SOAR aims to help former inmates

SOAR aims to help former inmates
November 06
00:00 2014
(pictured above: Dave Moore (left) stands with Charles Hall outside of Southside Rides.)

The city has made a $100,000 investment in Successful Outcomes After Release (SOAR), a program that mostly focuses on helping ex-offenders find gainful employment.

Half of the funds will be used to launch a temporary jobs program that will begin next spring.The other half has been used to give grants to programs and agencies that assist the formerly incarcerated.

Southeast Ward City Council member James Taylor has championed and spearheaded SOAR, which he said was inspired by residents’ suggestions at the “Stop the Violence Rally” he held in February. Many said the answer to ending violence is giving those with criminal records the opportunity to make a living legally. Taylor said the program is a good investment.



“I want this thing to get as big as it can get because, again, we’re reducing crime and providing opportunities for those who need it the most,” said Taylor, who also led the charge to bring YouthBuild, which helps young people earn a GED while receiving construction training, to Winston-Salem last year.

SOAR funds are already being used to effect change. The Southside Rides Foundation has been granted a $10,000 grant. Dave Moore founded Southside Rides in 2004, after his own drug-related stint in prison, to teach ex-offenders and wayward youth the lucrative auto-body repair trade. He teaches and inspires at his Waughtown Street area shop and during the classes he leads at the Forsyth Correctional Center, a prison off Cherry Street.

Moore’s program has been praised for changing the fortunes of many young men, but adulation has not translated into funding. He said he will use the SOAR grant to pay stipends to students who work on cars at his shop, where customers who allow supervised students to perform their repairs receive discounted rates.

(From left) Charles Hall, Dave Moore, Chris Edwards, Eric Stewart, Michael Page, Dominic Moore and Eric Murden Jr., with his son, Eric Murden III, pose outside of Southside Rides earlier this week.

(From left) Charles Hall, Dave Moore, Chris Edwards, Eric Stewart, Michael Page, Dominic Moore and Eric Murden Jr., with his son, Eric Murden III, pose outside of Southside Rides earlier this week.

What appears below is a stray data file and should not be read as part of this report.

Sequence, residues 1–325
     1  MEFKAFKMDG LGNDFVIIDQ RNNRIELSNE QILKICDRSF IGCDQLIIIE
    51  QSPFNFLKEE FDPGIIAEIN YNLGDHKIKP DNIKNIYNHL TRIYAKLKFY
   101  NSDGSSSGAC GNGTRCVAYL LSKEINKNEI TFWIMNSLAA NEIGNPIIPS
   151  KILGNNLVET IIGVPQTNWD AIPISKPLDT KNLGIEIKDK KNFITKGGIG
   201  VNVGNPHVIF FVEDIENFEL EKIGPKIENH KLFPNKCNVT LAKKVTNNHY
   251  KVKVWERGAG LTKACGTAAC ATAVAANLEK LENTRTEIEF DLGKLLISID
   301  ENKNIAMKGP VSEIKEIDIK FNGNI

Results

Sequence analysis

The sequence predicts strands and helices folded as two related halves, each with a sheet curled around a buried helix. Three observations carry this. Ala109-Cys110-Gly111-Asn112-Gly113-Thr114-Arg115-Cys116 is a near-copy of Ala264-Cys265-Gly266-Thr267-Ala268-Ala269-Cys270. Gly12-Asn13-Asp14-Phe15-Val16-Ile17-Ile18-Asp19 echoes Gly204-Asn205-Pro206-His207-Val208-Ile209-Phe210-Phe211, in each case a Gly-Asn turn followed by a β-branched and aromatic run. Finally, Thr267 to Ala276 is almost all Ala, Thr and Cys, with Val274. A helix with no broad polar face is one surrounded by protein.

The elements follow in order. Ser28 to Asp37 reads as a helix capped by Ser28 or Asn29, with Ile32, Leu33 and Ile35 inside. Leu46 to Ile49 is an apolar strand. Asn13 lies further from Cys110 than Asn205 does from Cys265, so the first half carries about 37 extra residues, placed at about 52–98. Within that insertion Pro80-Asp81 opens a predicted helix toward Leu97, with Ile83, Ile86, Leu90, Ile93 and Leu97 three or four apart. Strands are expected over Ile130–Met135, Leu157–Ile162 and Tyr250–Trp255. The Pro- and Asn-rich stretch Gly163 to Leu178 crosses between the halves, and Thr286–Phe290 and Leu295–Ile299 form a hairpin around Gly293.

Southside Rides alumni say the city made a sound choice with its grant to the program. Charles Hall first took Moore’s classes while serving a 13-year prison sentence for fraud. He already had some experience in the field, but credits Moore’s tutelage – and his own desire to change – with his change in fortune: Hall now transports and details cars at an area dealership.

“I feel very fortunate to have been able to increase my skill set in prison. It has allowed me to be more marketable and allowed me to be an asset to my employer,” he said.
Hall is enjoying freedom again and being a productive member of society.

“I was able to vote; I was able to get a paycheck; I was able to take care of my daughters,” he said. “Now, I feel like a man with a purpose. It feels great to be able to be an asset to the community rather than a liability.”

Hall is glad that the city is supporting programs for ex-offenders. He said rehabilitating ex-offenders should be as much of a priority as rehabbing shabby neighborhoods and properties.

Eric Stewart works on a car at Southside Rides.

Eric Stewart works on a car at Southside Rides.

“The impact that the city can make on ex-offenders is so great. I’m just a drop in the bucket, a percentage of what the city can do (by) investing in these types of programs,” he said.

A SOAR grant for $5,000 was awarded to the Piedmont Triad Regional Council of Government’s Project Re-entry, which plans to use the money for scholarships and to purchase bus passes for ex-offenders. The Salvation Army will use its $5,000 grant to offer extended training to ex-offenders who leave its Residential Re-entry Center.

Eureka House, a transitional facility for ex-offenders, will use its $10,000 grant to help its clients secure permanent housing. Beating Bad Habits, a boxing program for at-risk youth, received $10,000 to help cover operating costs, which include transporting young boxers to and from competitions around the country.

Self Empowerment Lasts Forever (SELF), which is administering the Southside Rides and Beating Bad Habits grants, received a $10,000 grant of its own to use as seed money to launch services for ex-offenders, veterans and the under-employed. The services are expected to launch in mid-December and will include job advocacy and classes to help participants find jobs and excel in their careers.

SOAR’s temporary jobs program will be administered through a new Workforce Development wing. Participants will be required to have a certificate from a certified job skills training program like those offered by the Salvation Army and Piedmont Triad Regional Council of Governments.

Jobs for ex-offenders in the program will include graffiti removal, maintenance and tasks in the city’s Community and Business Development Department. They will work 30 hours a week for 16 weeks at a rate of $10.10 an hour. Those who perform well, will have opportunities for permanent city jobs, Taylor said.

To learn more about the program, call James Taylor at 336-757-2110.

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Todd Luck

Todd Luck

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